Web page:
This claim would serve well to structure Bubenik’s readings of individual works of art, but her book does not venture to define the pictorial conditions that differentiate the contrivances of late sixteenth- and seventeenth-century pictures from Dürer’s early sixteenth-century art. A blind spot of the study is that it does not explain the suitability of its title, Reframing Albrecht Dürer. For it is precisely with the device of the frame that Melchior Lorck distances Dürer’s Self-Portrait of 1500, or Georg Vischer surrounds the artist’s quoted visage with flanking figures, or Aegidius Sadeler nests Dürer’s studies of heads within a commemorative tablet structure. Hoefnagel circumscribes his copies of Dürer’s animal studies within an oval and Hoffmann sets his version of Christ among the Doctors (ca.1580–85) behind a parapet ledge because a new idiom had developed, reflexively containing within compositions references to “the work of art.” Dürer, with all of his written annotations and self-placements on the periphery of his altarpieces, authored a prequel to this idea. His successors, having received it, built architectural devices within their pictures, imbedding his art within their own.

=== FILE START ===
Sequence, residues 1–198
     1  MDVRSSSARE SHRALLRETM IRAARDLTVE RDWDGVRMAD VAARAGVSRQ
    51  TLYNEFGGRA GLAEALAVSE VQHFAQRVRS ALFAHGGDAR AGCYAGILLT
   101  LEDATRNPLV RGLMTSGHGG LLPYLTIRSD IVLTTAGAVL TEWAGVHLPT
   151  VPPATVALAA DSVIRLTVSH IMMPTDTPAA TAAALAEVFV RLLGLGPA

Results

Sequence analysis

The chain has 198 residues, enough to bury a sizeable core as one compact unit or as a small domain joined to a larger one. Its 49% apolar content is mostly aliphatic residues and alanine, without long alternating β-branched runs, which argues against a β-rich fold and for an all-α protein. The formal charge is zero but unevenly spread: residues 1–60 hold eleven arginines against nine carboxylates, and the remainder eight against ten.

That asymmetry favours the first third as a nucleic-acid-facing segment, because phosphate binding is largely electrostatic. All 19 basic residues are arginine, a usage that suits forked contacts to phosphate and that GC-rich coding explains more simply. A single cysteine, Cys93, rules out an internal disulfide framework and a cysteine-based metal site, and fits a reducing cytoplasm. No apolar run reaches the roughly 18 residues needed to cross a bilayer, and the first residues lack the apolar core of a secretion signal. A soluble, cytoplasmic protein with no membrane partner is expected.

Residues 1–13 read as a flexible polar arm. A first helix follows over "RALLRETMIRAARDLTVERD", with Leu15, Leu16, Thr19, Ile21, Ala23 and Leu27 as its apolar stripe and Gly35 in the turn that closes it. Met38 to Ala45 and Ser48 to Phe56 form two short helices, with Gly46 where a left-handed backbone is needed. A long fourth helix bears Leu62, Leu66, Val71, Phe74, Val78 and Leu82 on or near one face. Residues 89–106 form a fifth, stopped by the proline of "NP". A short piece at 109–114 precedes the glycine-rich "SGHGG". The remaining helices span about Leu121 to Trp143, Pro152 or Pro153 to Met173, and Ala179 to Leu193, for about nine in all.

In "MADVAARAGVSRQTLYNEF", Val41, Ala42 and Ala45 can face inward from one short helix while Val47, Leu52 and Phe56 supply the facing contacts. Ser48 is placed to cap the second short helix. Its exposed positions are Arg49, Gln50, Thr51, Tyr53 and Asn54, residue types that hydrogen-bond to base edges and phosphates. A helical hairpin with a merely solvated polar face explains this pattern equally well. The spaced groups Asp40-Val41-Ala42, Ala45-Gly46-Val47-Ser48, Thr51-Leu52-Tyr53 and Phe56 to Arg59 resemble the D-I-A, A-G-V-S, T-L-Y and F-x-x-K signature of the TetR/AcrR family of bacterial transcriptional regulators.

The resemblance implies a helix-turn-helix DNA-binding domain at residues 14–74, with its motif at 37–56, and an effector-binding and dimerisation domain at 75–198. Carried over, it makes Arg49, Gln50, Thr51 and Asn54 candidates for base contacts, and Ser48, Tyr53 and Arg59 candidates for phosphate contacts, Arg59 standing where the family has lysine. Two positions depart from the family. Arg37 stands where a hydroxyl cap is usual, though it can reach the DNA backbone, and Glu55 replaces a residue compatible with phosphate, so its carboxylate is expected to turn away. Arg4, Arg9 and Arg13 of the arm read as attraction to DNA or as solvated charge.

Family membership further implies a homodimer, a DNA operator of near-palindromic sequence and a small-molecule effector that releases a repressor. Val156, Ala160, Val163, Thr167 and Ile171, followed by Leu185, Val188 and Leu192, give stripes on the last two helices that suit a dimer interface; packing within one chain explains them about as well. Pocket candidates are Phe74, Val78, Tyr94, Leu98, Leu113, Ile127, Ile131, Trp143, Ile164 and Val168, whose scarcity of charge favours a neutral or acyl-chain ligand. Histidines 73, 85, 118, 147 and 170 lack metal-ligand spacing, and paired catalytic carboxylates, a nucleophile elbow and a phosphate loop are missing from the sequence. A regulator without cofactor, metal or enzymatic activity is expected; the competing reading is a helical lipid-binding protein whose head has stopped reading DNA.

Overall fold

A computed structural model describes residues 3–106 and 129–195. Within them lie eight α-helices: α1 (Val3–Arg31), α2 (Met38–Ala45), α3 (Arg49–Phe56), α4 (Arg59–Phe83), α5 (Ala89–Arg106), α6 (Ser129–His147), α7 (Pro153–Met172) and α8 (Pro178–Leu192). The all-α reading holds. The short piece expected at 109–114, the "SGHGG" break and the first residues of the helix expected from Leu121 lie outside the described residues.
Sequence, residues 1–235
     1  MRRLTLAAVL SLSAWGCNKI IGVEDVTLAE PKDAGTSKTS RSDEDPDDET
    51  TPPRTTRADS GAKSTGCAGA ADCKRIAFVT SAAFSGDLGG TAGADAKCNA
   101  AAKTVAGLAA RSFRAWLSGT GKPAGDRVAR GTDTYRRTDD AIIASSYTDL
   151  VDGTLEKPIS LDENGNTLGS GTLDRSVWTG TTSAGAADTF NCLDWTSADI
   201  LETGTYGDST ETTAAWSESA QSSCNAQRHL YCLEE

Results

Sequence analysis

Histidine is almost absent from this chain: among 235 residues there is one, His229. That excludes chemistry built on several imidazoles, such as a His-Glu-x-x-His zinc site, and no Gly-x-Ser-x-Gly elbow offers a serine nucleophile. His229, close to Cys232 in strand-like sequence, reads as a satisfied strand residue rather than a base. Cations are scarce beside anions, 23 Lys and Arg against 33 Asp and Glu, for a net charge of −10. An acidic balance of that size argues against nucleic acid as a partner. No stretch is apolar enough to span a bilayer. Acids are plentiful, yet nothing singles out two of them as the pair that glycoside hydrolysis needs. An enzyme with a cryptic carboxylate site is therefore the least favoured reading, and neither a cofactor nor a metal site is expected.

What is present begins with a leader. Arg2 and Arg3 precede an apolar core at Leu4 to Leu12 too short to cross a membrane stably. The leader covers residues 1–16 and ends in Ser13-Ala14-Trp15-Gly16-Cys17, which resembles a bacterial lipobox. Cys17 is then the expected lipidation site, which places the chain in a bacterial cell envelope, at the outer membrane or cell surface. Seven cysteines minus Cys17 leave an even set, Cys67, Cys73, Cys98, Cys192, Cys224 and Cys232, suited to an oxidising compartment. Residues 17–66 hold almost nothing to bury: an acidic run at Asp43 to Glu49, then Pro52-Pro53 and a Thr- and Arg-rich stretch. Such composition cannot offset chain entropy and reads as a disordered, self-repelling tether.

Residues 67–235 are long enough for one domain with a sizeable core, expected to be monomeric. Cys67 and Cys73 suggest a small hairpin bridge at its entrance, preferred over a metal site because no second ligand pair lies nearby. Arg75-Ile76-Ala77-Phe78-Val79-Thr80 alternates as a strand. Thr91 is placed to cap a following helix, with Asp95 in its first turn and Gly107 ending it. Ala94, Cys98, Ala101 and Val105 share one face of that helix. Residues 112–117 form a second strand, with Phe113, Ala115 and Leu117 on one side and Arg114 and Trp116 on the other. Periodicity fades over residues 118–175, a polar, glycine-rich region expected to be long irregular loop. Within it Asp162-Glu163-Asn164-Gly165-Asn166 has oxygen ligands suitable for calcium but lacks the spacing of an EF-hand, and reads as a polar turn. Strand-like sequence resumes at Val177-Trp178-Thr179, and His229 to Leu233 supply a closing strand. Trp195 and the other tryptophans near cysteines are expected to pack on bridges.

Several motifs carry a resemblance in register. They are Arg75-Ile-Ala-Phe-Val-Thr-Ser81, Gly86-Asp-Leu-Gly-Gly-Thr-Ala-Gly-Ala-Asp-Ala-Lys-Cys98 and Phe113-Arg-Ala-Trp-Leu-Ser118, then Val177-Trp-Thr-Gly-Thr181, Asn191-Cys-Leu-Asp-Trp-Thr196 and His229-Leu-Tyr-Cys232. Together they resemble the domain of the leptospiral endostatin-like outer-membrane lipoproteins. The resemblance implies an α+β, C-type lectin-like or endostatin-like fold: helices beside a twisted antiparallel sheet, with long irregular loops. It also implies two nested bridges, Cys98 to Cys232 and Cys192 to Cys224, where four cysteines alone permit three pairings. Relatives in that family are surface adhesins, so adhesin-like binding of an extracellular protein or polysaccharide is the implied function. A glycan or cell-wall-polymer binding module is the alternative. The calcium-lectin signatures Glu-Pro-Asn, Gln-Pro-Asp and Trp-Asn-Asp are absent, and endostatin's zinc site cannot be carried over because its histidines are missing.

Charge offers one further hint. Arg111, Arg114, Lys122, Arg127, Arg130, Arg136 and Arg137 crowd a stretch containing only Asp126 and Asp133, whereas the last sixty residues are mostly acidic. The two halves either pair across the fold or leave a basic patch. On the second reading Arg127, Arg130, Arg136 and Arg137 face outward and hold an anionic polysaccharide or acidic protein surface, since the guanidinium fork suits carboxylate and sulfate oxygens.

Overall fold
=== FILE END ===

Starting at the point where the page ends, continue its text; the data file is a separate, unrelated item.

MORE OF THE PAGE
At the end of reading Reframing Albrecht Dürer, one is left wanting more authorship from the author. If Dürer’s age was marked by a lack of clarity about the relationship of artist to copyist and publisher, ours is fraught with an uncertainty about the distribution of tasks between the writer and editor of an academic text. (For this reason it is difficult to pronounce one party guilty for the book’s mistakes. Although David Freedberg is credited elsewhere for his Power of Images: Studies in the History and Theory of Response [Chicago: University of Chicago Press, 1989], John Shearman erroneously appears as the author on page 80 and in the bibliography. The charming quotation by Thomas Howard, Earl of Arundel, lamenting that there are not more original Dürers for sale in the artist’s native Nuremberg, is repeated verbatim on pages 28, 39, and 51, a redundancy the author, editor, or indexer might have caught.) Whether it was the author herself or someone else who restricted the description of the images reproduced in the book’s pages to a paragraph, the reader wishes to afford Bubenik more creative freedom to explore interpretations of Dürer’s copyists’ work. A scrupulous comparison of an original to its descendent might yield new ways of perceiving Dürer’s pictorial strategies. It may be remembered that Leo Steinberg found in the omissions and misprisions of copyists precisely what was distinctive and daring about Renaissance art. There could be no better way to test whether Dürer’s descendents are truly emulators, figures of “capable imagination” (Bloom’s term is itself a borrowing from Wallace Stevens), than to award their compositions with more speculative thought about their meanings and effects.

Shira Brisman
Assistant Professor, History of Art, University of Pennsylvania

Please send comments about this review to editor.caareviews@collegeart.org.